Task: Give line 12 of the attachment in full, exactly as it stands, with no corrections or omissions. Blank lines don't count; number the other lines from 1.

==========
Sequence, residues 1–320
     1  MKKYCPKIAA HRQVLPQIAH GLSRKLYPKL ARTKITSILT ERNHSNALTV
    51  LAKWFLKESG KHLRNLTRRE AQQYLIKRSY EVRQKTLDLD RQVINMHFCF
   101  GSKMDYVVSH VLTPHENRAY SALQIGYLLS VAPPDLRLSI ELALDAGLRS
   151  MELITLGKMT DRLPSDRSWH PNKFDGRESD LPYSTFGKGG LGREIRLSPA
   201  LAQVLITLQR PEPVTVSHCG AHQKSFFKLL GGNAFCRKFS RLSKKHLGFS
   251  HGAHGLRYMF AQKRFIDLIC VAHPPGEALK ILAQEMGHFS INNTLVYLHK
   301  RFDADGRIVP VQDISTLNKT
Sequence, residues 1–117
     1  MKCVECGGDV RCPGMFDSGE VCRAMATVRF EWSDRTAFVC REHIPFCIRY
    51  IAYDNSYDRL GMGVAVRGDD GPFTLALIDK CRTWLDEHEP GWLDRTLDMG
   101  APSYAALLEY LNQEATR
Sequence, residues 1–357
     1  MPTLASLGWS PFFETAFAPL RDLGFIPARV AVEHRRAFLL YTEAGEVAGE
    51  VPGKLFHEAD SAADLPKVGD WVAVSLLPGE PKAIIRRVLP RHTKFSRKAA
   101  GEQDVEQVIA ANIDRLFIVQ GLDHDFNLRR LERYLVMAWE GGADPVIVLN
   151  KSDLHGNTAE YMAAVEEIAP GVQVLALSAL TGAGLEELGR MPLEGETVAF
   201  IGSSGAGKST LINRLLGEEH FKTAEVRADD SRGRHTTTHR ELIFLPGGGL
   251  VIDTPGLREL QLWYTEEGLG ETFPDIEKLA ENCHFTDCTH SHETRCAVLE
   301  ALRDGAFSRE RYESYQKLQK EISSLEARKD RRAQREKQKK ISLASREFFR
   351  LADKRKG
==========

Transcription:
   101  APSYAALLEY LNQEATR